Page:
New Treatments for Headache Pain
Headache pain can be debilitating and often affects the quality of one’s life. Headaches can occur at any time for no particular reason, or they can be as a result of specific triggers, such as dehydration, poor food choices or sensitivity to light. Many people think that their only option is over-the-counter pain medications. However, new treatments are now available.
The following is a list of new treatments for chronic headache pain:
An occipital nerve stimulator is approximately the size of a credit card. It works by stimulating the brain to create a natural chemical, similar to morphine, that alleviates pain. Individuals can activate the device when a headache first appears.
OnabotulinumtoxinA is used to treat chronic headaches, tension headaches or migraines. It is well known for treating wrinkles. A doctor may use it to treat headaches that do not respond to other medications. Injections of onabotulinumtoxinA are known to cause pain relief for up to four months in most individuals.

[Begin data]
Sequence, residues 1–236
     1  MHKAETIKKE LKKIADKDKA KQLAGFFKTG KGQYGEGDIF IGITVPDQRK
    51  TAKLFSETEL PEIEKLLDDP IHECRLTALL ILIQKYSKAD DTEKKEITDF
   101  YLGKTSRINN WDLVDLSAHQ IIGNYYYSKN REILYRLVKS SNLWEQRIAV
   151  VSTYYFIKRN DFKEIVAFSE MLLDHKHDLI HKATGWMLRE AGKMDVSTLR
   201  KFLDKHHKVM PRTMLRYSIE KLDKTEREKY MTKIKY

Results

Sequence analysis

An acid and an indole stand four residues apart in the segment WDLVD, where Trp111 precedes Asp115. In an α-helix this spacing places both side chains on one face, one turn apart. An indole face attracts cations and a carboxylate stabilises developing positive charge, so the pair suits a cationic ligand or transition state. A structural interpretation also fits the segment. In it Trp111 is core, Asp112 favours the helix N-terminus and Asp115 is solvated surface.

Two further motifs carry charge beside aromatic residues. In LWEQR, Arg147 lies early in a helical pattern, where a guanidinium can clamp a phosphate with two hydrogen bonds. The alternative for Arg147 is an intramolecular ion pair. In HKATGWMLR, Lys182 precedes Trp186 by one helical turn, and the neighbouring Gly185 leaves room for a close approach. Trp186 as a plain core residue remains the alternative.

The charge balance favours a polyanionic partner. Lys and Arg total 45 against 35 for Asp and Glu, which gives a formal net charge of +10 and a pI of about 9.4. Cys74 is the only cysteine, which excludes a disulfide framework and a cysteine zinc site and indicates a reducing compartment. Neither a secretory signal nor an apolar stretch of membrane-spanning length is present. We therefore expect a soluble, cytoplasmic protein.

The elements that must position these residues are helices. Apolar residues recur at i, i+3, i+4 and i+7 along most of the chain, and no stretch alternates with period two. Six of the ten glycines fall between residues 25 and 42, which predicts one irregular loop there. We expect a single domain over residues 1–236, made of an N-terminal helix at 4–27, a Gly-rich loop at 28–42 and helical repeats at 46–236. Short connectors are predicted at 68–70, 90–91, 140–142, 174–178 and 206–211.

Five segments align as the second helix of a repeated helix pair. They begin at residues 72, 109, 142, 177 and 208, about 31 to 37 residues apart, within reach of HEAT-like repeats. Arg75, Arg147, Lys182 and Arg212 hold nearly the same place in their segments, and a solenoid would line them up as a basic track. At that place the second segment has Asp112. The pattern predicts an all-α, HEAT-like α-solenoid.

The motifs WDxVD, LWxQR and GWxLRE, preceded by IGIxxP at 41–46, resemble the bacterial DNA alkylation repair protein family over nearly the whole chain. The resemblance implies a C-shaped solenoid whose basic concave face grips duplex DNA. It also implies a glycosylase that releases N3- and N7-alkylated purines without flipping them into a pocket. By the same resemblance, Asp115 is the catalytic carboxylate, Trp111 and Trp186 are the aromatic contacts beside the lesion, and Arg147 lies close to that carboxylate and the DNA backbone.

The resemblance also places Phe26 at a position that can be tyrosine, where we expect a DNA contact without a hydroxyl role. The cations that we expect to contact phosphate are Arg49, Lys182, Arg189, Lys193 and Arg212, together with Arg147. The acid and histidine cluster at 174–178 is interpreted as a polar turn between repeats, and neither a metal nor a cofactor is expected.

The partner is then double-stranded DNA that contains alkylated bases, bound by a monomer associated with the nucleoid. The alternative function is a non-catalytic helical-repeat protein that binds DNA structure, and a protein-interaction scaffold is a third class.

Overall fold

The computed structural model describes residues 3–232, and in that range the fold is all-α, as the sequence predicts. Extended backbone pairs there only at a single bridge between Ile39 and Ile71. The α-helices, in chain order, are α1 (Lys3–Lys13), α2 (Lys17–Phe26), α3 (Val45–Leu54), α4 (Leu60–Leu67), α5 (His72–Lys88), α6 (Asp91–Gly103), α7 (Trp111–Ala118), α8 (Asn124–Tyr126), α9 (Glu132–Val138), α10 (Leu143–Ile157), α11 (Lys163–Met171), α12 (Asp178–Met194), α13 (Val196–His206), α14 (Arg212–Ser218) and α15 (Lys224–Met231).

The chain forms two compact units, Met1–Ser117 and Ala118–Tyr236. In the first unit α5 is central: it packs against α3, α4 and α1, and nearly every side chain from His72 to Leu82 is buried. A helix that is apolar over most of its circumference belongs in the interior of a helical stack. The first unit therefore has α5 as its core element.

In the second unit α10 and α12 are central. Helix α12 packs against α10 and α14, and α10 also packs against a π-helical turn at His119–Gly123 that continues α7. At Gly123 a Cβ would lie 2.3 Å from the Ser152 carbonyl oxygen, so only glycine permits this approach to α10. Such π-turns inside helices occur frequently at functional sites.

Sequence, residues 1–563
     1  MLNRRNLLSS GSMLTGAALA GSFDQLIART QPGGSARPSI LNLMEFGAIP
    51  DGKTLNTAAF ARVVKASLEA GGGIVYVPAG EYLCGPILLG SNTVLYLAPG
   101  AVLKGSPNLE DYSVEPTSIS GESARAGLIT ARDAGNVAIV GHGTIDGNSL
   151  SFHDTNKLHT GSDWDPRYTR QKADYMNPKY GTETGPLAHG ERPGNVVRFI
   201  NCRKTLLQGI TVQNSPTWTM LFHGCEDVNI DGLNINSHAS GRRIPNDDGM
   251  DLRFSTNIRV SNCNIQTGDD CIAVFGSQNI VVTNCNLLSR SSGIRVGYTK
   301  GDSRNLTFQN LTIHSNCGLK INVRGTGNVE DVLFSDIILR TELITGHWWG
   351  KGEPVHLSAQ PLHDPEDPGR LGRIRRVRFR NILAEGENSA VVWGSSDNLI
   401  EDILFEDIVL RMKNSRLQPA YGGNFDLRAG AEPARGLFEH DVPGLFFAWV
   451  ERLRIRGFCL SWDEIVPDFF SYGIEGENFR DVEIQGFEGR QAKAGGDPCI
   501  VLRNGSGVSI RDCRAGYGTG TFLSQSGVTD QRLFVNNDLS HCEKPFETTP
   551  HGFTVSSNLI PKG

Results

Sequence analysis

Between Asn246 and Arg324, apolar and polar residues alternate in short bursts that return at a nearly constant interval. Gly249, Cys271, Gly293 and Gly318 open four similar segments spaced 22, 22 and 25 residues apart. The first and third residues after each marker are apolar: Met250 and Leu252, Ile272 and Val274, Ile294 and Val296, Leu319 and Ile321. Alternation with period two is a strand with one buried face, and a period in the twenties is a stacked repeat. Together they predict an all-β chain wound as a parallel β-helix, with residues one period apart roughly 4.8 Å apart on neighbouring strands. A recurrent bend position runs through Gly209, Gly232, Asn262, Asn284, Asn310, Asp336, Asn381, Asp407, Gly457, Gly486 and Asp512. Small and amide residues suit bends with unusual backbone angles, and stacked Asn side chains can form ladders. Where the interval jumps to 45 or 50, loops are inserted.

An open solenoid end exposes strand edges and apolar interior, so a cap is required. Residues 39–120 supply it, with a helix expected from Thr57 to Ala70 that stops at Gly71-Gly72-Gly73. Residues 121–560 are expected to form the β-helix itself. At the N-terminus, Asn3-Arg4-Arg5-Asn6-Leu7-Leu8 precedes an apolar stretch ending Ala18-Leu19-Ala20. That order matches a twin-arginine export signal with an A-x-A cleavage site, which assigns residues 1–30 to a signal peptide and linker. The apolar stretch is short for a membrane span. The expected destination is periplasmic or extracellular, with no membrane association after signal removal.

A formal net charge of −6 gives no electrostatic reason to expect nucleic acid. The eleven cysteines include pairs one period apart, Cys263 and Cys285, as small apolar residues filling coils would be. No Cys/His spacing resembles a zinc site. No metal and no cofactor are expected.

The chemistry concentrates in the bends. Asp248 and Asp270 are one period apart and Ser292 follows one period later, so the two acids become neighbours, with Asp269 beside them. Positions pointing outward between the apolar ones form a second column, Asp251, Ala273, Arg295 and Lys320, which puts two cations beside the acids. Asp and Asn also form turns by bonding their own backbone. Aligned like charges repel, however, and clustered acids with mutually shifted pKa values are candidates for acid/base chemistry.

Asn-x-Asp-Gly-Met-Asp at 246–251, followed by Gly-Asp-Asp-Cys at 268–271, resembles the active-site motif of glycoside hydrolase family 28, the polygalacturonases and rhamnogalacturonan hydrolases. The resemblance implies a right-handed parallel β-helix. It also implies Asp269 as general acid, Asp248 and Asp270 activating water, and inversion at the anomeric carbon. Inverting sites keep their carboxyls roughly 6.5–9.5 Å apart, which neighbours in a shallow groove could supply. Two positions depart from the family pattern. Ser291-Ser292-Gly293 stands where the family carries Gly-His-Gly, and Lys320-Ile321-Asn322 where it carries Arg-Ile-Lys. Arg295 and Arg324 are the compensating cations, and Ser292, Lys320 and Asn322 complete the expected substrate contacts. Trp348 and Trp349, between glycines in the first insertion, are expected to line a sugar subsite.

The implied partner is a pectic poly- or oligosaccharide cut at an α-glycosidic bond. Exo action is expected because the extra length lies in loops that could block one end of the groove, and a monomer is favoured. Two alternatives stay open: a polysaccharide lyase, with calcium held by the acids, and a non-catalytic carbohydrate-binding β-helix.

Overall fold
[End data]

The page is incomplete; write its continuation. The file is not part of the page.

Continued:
A nerve block is a minimally invasive procedure that uses electrical currents to block pain signals sent to the brain. Many individuals see improvement in their pain levels for up to a year after treatment.
IMATCH is an intensive outpatient program that typically lasts three weeks. The ideal candidate is someone who deals with severe headaches several days a week. The program is designed to improve the individual’s ability to concentrate and function, rather than completely eliminate pain.
Clinical Studies for people who live with chronic migraines are currently underway to determine whether peripheral nerve stimulation is a safe and effective treatment option. It involves placing electrode devices along the peripheral nerves to control pain.